PETEX 2010

OSPRAG and the UK North Sea post Macondo, Statoil and WoodMac on shale gas, Integrated asset modeling and a call for more ‘robust’ and transparent production forecasting.

Petex, the biennial conference and exhibition of the Petroleum Exploration Society of Great Britain1 saw around 100 exhibitors and 2,500 registrants for its 2010 edition last month. Mark McAllister, chair of the UK Oil Spill Response Advisory Group and CEO of Fairfield Energy presented the UK’s response to Macondo. Preventing such incidents requires cooperation between trades unions, operators and contractors. OSPRAG has four sub groups—Technical (well design, inspection and control, first response), Spill Response (response capability and remediation) and Financial & Insurance (liability, indemnity and insurance provisions). The group is also looking at North Sea-wide regulations and response mechanisms. OSPRAG has developed a well capping device. A test of a national contingency plan is slotted for May 2011.

Malcolm Brown, Senior VP Exploration with BG Group, pondered on the new ‘giants’ of the 21st century—shale gas, cretaceous fans, rift plays, pre-salt and coal seam gas. US shale gas is ‘developable’ at $5/Mcf. In the session on unconventionals, Statoil’s Iain Scotchman related its $ 3.3 billion deal with Chesapeake. This covered some 1.8 million acres of the Marcellus shale in Pennsylvania, West Virginia and New York states. Initial large gas flows of up to 10MMcf/day decline rapidly as free gas is replaced by the slower desorbtion process. Wells have an estimated productive life of 30—60 years with reserves in the range of 3 to 8 BCF per well. Scotchman observed, ‘To be successful, the play requires the continual drilling of new wells to replace those on the decline2.’ Technology-wise, 3-D seismic and micro-seismics ‘are becoming increasingly important in the locating of wells, avoidance of geo-hazards and frac monitoring.’

Rhodri Thomas (Wood Mackenzie) noted that the unconventional gas has taken off in North America and eastern Australia. The US ‘could now be self sufficient’ while in eastern Australia, the coal bed methane play has had a similar impact, albeit in a much smaller market. WoodMac puts European resource potential at 1,400 TCF—a potential made especially attractive by Europe’s high gas price. Subsurface ‘deliverability’ and ‘above ground factors3’ will hamper development. China is the next big unconventional playground.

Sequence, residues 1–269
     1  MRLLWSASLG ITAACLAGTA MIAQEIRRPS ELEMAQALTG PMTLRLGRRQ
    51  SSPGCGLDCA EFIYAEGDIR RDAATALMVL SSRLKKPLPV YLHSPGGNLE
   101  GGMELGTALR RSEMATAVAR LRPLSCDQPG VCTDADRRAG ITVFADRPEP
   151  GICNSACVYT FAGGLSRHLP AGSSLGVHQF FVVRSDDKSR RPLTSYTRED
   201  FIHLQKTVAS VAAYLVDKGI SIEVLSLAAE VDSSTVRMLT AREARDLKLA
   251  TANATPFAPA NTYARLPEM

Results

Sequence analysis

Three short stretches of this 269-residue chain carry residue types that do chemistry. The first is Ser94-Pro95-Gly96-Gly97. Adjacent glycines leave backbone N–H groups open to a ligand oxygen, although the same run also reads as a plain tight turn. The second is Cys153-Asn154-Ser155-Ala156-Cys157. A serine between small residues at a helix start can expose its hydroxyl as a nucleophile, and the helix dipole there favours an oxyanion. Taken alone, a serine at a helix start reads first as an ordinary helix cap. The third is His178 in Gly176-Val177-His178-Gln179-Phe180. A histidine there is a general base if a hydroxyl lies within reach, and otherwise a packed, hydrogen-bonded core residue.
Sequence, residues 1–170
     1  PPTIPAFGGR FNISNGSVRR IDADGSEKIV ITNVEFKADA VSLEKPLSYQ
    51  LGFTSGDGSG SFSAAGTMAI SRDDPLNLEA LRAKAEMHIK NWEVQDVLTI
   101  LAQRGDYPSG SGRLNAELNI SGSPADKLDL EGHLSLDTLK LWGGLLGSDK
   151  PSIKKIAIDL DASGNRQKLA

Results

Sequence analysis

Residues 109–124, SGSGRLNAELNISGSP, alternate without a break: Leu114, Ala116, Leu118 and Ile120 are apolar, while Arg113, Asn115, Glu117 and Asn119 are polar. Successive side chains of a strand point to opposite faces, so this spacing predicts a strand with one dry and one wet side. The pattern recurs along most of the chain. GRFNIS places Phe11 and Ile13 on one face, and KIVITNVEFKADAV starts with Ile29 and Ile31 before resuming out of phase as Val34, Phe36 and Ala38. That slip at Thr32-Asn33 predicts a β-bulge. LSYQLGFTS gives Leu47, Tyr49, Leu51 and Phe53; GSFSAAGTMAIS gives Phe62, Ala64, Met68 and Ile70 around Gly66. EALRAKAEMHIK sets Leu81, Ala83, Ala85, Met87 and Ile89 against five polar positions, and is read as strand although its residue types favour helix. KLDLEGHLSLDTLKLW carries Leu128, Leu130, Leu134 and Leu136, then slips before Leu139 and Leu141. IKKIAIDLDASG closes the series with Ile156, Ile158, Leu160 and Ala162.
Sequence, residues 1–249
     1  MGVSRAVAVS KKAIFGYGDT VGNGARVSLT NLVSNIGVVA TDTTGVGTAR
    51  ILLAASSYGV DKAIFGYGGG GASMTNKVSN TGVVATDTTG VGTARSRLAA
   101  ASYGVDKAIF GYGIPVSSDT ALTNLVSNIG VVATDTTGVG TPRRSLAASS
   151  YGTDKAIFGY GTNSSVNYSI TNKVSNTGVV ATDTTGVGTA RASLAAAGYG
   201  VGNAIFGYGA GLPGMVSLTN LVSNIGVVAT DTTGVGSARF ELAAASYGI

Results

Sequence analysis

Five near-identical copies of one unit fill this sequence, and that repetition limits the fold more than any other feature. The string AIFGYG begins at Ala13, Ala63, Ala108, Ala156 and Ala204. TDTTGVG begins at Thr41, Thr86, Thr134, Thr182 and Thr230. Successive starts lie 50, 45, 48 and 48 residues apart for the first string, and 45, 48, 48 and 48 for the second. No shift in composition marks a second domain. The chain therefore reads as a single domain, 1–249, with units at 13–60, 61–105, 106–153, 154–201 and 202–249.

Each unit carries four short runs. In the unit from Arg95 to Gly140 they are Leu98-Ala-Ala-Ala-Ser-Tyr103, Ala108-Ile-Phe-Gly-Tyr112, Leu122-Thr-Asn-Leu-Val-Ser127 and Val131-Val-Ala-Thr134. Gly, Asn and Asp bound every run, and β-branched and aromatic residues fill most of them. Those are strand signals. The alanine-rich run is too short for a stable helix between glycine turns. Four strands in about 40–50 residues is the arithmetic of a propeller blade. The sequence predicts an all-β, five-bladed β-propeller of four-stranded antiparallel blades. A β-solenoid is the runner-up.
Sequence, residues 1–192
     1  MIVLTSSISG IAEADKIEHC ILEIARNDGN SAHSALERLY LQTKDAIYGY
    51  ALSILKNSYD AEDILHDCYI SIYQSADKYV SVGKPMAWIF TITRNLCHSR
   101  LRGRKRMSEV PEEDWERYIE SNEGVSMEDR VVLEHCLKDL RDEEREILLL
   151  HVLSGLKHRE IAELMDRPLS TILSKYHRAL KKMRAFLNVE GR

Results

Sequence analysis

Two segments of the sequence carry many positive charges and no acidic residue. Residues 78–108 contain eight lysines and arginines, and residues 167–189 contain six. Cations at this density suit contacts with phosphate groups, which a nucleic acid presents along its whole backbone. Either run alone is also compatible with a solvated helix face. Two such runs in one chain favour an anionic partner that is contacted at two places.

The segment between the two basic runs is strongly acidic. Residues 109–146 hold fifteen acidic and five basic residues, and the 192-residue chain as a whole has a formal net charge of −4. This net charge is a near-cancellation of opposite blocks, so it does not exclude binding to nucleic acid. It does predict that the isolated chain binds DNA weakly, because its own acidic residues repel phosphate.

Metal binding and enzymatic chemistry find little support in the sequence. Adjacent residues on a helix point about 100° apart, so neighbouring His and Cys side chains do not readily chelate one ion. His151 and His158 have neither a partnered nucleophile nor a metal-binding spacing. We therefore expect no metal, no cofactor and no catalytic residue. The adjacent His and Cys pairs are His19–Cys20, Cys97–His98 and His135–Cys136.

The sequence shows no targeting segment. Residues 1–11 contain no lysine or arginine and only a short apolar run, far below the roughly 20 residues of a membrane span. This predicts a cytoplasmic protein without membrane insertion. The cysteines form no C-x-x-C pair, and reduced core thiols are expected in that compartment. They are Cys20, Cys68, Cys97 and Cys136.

David Aron (Petroleum Development Consultants) noted that the potential for integrating sub-surface knowledge and topside design has been recognized for years. Amoco used a two-phase gas reservoir simulator coupled to a surface network to manage production of a number of Southern North Sea gas fields. More recently, software has evolved from in-house developed tools to off-the-shelf software such as Petrel, Eclipse and other dynamic modeling tools such as HySys, Resolve and Prosper. Aron advocates deployment of such integrated software ensembles on a ‘parallel virtual machine’ (PVM). Schlumberger’s Open Eclipse provides the linkage between Petrel, Eclipse and the HySsys process simulator from AspenTech. Petroleum Experts also leverages a PVM to couple Resolve with Eclipse, Prosper and Gap and other tools. Elsewhere Halliburton’s Nexus simulator has been linked with HySys.